Six Colors
Six Colors

by Jason Snell & Dan Moren

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The second coming of Steve Jobs, trailer edition

I’ve watched it a couple times now, and I still have mixed feelings.

Part of me thinks they would have been better off calling it Dave Jones or something, but I also realize that the whole point is that it’s about Steve Jobs. That said, I think it’s clear there’s going to be a disconnect to how much this reflects the actual Jobs, just as you could argue about how much The Social Network actually reflected Mark Zuckerberg.1

That said, I’m a fan of directory Danny Boyle (Slumdog Millionaire, Trainspotting, Millions), who never seems to fall back on making the same movie twice, and screenwriter Aaron Sorkin (The West Wing, Sports Night).2

Despite the premise that the action in the film takes place behind the scenes of three major product launches, it’s clear that it goes elsewhere beyond that scope: the garage in the early days of Apple, Jobs’s ousting, and his troubled relationship with his daughter Lisa all figure into the trailer.

There will be a lot of people that take issue with what they see as this film’s failure to stick to the historical and factual record, and while there are valid concerns about some aspects–in particular, the diminished role of women key to Apple’s efforts–it’s also important to remember that this isn’t a documentary; it’s a work of fiction, inspired by real people and situations.3 In a movie that runs two hours or less, you can’t really do justice to a person who lived to 56, much less an almost 40-year-old company with thousands of employees.4 I can’t think of a single biopic or historical drama that hasn’t taken some degree of flack for occasionally sacrificing historical accuracy in the name of drama.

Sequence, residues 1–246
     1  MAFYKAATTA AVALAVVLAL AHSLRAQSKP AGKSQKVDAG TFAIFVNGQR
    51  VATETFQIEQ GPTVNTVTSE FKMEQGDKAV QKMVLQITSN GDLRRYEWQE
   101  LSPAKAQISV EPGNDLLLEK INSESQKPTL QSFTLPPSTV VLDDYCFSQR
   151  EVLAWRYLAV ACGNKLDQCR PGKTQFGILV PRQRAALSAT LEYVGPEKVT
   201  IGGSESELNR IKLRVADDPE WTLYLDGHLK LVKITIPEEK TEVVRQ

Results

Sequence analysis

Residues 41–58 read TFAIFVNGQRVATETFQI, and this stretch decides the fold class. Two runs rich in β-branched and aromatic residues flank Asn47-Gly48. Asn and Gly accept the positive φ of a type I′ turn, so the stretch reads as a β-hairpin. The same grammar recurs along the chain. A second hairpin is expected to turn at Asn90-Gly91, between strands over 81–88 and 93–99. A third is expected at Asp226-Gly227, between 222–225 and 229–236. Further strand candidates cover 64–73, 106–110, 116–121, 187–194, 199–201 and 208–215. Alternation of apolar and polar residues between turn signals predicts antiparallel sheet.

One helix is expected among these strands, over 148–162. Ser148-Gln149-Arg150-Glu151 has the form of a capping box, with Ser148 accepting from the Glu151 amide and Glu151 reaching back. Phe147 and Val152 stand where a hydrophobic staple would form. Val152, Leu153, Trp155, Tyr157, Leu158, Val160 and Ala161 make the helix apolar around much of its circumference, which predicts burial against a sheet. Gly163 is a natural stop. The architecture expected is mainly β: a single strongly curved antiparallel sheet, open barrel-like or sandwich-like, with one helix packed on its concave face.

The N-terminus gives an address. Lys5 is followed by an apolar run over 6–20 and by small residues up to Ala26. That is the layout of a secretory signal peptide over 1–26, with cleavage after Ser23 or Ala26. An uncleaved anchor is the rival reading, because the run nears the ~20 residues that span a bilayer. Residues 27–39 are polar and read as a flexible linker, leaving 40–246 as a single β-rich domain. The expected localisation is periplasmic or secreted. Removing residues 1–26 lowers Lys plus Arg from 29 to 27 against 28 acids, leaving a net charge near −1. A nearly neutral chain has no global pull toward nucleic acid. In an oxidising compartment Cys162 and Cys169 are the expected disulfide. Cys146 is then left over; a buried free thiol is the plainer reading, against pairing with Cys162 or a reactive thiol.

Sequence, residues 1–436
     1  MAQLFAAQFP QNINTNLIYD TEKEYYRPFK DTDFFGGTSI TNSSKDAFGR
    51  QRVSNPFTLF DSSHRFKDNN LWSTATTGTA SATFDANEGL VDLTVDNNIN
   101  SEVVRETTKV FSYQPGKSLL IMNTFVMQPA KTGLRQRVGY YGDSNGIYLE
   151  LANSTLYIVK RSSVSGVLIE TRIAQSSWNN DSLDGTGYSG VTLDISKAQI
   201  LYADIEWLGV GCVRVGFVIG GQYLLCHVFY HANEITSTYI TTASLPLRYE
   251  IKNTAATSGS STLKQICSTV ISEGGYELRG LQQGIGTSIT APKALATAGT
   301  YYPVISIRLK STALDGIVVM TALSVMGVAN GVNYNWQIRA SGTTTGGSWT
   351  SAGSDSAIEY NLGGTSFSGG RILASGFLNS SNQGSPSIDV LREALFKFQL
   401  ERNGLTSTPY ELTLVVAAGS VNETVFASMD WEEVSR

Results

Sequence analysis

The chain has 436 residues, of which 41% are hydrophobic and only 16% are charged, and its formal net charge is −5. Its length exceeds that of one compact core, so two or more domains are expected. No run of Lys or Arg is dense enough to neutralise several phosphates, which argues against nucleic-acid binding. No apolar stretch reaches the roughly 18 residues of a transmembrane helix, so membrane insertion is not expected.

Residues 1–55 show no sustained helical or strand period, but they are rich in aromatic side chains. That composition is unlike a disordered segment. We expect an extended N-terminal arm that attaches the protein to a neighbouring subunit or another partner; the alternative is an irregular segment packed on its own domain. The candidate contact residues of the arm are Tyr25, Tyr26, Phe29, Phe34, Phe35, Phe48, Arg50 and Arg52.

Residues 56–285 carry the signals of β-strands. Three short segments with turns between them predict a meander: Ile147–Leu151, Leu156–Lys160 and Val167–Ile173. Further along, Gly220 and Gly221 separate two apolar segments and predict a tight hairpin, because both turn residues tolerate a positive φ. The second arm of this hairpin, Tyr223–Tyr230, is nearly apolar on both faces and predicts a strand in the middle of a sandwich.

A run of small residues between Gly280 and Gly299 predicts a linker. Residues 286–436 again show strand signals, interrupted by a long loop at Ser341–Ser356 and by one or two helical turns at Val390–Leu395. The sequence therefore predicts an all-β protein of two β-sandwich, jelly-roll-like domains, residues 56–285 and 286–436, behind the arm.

In short: I’m reserving judgment until I see the whole movie. To my mind, there are two perfectly valid–and distinct–questions here: whether it’s accurate and whether it’s good. And neither of those qualities can really be judged from a two-minute trailer.

  1. There’s been much criticism of whether or not Fassbender looks like Jobs. I think he’s a good actor, and while he may not particularly pull a Noah Wyle here, it doesn’t bother me that much. Plenty of people have played historical figures without strongly resembling them; it’s just that the image of Jobs was so thoroughly documented and is burned into so many of our brains. 
  2. I’m aware that Sorkin has become a divisive figure. And while he’s not without his flaws, I don’t think you can deny that the man’s talents at pithy dialogue are second to none. 
  3. The Ashton Kutcher Jobs movie from a few years ago was no better when it came to excising people from history
  4. That is, until the inevitable Ken Burns PBS documentary series. 
—Linked by Dan Moren

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